Parallel transport along a closed loop is a test of presence of curvature which is created by deficit angle.

That is only when you consider a 2-dimensional manifold. When you have more dimensions, you can test what will become a vector that is initially pointing perpendicular to the loop's tangent plane. And it can also be skewed some way in the end. Maybe in some fourth orthogonal direction, if this is allowed by the dimension nubmer.

Riemann tensor has 4 indexes: 2 lower have to do with a plane; upper with a vector that we are transporting; last one with a tangent vector, I guess.

Last one shows where the initial vector will be skewed to after a trip.

On the contrary, Ricci Tensor is a more complicated story. An idea, how can volume deviate is very unclear.

Ok, look at some curved 2-dimensional surface. You can not only transport vectors along it, you can also measure areas. And if you take the Gaussian curvature, you will find that these things are related to each other. Namely, you can mark a small 'cap' on the surface, selecting some center point, and stepping some fixed distance from it in every direction. Then you can calculate two measures of curvature:

1. ratio of the circumference of the 'cap' to its radius;

2. ratio of the area of the 'cap' to the square of its raduis.

Sure, both numbers won't be equal to

and

and sure, they will approach those values in a limit

But the difference to a limit value, divided by an appropriate power of

will approach to some fixed non-zero number, and this number will be the Gaussian curvature,

in both cases. This means, whatever is done to the surface in terms of lengths, the same happens in terms of surface measure. When you raise dimensions, you will talk about volume intead of area, but the idea will be the same.

-- 25.07.2012 01:53:23 --Basically, it says that how gravitational potential varies all over the place is some constant (4piG) times the density? Look, here I have the same kind of confusion.

Ok, we should go back to the idea of a

field source. There are many field equations that have structure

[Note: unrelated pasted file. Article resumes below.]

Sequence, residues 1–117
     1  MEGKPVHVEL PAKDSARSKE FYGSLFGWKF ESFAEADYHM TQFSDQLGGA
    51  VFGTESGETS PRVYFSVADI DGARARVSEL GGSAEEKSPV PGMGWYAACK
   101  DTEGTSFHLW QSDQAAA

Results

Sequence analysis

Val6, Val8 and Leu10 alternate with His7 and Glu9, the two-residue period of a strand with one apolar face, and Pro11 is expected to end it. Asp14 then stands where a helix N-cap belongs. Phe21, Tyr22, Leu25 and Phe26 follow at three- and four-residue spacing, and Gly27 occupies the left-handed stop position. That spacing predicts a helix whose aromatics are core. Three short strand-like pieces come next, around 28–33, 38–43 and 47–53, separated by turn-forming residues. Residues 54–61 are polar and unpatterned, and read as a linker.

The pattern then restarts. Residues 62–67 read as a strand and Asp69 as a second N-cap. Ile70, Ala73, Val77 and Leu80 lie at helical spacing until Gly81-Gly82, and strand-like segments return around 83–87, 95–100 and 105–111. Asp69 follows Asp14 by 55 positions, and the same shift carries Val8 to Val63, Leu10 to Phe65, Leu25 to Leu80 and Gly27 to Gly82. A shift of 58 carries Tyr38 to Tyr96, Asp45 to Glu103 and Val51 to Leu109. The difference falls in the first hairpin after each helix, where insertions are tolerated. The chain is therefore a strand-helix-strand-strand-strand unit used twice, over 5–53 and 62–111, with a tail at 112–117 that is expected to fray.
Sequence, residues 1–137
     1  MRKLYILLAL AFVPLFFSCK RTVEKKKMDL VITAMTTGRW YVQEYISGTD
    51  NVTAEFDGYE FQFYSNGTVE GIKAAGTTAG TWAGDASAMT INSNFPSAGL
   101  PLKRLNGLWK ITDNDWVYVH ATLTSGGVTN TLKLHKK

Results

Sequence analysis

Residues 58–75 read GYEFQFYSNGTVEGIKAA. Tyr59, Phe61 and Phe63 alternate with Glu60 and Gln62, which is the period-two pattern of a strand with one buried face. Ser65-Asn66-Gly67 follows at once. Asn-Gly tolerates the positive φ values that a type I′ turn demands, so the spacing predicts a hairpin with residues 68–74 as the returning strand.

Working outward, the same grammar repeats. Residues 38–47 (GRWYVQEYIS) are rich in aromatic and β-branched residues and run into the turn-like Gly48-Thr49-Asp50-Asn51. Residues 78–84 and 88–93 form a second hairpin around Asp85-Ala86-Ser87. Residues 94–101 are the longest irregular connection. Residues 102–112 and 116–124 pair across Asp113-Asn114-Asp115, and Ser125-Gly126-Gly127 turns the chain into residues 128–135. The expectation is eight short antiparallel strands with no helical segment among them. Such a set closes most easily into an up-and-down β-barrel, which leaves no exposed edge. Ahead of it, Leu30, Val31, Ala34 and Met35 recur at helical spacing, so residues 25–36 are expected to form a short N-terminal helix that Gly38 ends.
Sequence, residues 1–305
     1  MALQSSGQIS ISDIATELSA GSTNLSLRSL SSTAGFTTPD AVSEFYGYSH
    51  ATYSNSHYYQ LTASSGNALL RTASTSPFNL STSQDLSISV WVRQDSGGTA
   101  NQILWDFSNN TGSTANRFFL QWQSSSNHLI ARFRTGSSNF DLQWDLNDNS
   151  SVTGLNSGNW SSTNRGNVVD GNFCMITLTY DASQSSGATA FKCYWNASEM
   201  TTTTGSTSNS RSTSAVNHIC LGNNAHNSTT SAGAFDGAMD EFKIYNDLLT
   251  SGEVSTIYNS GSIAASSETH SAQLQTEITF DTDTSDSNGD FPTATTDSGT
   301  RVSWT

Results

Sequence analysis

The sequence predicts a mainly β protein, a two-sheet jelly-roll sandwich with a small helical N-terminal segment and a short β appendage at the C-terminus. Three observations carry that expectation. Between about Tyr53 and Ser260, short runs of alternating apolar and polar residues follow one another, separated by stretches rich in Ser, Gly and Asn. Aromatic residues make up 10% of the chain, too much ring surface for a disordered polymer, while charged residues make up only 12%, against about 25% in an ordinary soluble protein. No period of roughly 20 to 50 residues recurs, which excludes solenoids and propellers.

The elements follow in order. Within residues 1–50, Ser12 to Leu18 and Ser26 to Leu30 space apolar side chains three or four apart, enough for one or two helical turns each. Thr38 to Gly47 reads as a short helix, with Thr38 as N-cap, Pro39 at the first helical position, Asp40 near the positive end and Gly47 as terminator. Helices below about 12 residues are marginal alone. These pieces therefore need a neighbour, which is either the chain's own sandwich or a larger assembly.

Maybe it's early to study GR if you are not familiar with other examples of (physical) fields. The Poisson Equation is an archetype case. Now remember how it works in electrostatics: there are some 'field lines' represented mathematically as a vector field

the lines are related to the potential by

and to the charges by

The last equation is most important: it says that lines never break and never end, unless thes come from some charge, or go into some negative charge. By analogy to the flow of fluid, these points, where lines 'flow out' or 'flow in', are called the

sources and

drains of the vector field. Or shortly, just sources (positive or negative).

When you established the picture with sources and vector field lines, we can think of the potential again. Imagine some 2-dimensional plane, then the scalar potential

could be viewed as some 'lanscape' over it - a surface specified by the function

On this surface there can be slopes and plains, hills and cavities, mountains and mountain passes. All these features somehow correspond to the picture of lines. What we are interested in are

second derivatives - features that look like humps and hollows when dissected by a vertical plane. There are three kinds of those: a hill, a cavity, a saddle. Now, when we are in space between charges, the second derivative of

is zero, so the landscape can have a shape only of plains, slopes and saddles. And when we are inside some charged space, say in the uniformly charged ball, the shape of the landscape can be a hill (if the charge density is positive) or a cavity (if negavive).

So that is what the source is in the thery of fields: it is the point where something external influences the field, something interacts with it, and then the field cannot be uniform in that point. If the equation refers to the heat transport, then sources are where the heat is extracted. If the equation refers to the wave propagation, then sources are points (or regions) of wave radiation. And so on. Regarding gravitation, the sources should be attracting masses, which make the field be pulling any test body in their direction. In the (gravitational now) Poisson's equation, attracting masses make cavities in the landscape, and around these cavities there should be slopes, because the lanscape cannot immediately become flat again without violation of the Poisson's Equation. And those slopes make test bodies roll down, towards the attracting masses, exactly what we wanted out mathematical model to show.